Thank you for watching.
More videos, licks and tricks here

Diatonic approach 3 – diatonic 7th chords

In this video lesson I talk about the different 7th chords on a II-V-I in Dmajor.

I start with the scale of Dmajor, the scale has two sharps with the notes D-E-F#-G-A-B-C#.

Diatonic Approach 3 Diatonic 7th chords on a II-V-I in D - Dmajor scale

I strongly recommend that you learn the scale, the notes and how it sounds on the saxophone.
Here is an exercise how to learn the scale even better.

Diatonic Approach 3 Diatonic 7th chords on a II-V-I in D - Dmajor scale full range

The exercise start on the low D going to the high E, going back down to the low C# and ending on the low D.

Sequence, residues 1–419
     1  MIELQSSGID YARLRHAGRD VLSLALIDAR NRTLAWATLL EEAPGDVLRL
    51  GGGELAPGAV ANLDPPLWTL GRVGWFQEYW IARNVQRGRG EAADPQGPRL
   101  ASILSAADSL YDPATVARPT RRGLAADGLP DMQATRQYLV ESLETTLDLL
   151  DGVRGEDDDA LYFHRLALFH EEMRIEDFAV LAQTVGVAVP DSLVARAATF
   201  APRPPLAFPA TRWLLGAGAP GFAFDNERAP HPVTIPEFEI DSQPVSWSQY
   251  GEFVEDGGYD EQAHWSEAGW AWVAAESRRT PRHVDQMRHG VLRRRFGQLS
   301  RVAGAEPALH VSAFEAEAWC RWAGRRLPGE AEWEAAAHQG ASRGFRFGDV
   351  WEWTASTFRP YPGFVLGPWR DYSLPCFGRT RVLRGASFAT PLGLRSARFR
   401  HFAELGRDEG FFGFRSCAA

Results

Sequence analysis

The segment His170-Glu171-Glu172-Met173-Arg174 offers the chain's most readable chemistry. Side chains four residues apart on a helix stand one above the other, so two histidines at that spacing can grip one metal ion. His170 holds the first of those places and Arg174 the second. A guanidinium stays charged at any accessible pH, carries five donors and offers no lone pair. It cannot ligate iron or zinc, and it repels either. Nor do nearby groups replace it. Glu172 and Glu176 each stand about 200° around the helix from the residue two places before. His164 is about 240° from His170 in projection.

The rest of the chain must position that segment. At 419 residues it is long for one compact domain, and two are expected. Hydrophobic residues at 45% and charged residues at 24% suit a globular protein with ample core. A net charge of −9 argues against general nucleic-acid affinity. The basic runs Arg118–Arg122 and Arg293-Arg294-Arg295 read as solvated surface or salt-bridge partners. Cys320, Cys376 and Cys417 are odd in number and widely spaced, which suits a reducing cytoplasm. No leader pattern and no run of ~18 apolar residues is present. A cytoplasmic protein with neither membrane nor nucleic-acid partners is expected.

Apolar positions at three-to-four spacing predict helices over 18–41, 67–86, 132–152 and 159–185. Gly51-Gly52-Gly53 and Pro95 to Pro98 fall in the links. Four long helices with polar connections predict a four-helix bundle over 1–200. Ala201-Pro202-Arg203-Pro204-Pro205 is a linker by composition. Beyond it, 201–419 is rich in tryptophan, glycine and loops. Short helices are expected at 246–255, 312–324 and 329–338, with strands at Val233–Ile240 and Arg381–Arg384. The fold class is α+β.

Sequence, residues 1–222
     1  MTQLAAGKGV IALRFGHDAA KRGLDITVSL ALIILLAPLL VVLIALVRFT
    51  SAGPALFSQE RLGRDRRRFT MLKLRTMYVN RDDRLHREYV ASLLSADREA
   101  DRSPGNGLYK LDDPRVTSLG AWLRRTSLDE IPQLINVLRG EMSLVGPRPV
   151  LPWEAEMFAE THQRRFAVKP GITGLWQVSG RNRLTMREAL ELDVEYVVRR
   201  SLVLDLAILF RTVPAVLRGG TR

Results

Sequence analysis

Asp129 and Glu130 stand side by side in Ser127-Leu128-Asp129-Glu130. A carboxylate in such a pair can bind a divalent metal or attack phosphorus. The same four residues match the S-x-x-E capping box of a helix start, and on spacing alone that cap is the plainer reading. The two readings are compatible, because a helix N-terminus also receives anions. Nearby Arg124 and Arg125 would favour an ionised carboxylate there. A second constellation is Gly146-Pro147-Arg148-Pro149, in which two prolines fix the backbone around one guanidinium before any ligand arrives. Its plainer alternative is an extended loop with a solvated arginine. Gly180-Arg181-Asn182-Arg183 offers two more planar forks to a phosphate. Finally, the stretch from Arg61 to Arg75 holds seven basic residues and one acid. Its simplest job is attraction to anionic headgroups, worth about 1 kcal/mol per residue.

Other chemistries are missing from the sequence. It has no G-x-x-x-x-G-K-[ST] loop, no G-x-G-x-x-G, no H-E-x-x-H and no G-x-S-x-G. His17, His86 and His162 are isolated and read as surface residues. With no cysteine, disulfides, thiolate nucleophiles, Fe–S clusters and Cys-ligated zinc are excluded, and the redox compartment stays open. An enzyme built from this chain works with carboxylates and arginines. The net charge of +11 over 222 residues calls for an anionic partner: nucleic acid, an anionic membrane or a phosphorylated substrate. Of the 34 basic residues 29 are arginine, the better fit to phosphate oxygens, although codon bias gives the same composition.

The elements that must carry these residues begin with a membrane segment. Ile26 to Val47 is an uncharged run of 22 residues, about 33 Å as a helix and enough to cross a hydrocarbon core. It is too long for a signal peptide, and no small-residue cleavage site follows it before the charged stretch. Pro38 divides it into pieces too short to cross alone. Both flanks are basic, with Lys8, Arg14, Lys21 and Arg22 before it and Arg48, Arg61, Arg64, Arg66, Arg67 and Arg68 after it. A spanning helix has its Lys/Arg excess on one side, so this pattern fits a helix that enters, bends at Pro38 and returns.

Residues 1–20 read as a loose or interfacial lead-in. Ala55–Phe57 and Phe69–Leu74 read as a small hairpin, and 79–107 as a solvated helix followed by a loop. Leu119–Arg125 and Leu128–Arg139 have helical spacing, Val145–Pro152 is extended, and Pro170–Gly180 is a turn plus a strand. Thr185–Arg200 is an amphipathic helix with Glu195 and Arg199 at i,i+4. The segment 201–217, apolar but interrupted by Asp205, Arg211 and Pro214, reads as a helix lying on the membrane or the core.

This extends the exercise to almost the whole range of the saxophone and you develop your technique likewise. You can put any form to your exercises but make sure the meaning of the exercise stays intact, technique, speed, extremities of the horn etc.

This lesson will further discuss the diatonic 7th chords on a II-V-I in Dmajor. On each note of the Dmajor scale you have a chord that consist of 4 notes. I will play those chords.

Diatonic Approach 3 Diatonic 7th chords on a II-V-I in D - 7th chords of the scale

Dmaj7 on the D – D-F#-A-C#, Em7 on the E – E-G-B-D, F#m7 on F# – F#-A-C-E, Gmaj7 on G – G-B-D-F#, A7 on A – A-C#-E-G, Bm7 on B – B-D-F#-A, C#ø7 on C# – C#-E-G-B.
All these 7th chords are very important tools to use in a solo, but also gives you an overview of the scale and the functions.
I will now play an exercise to get to learn the diatonic 7th chords better.
This exercise have a written out rhythm in it and is fitting in a 4-bar period.

Diatonic Approach 3 Diatonic 7th chords on a II-V-I in D - 7th chord exercise1

You can make up any exercise in this matter pplaying the 7th chords going up or down, or both as long as the exercise fits whatever purpose you want to achieve.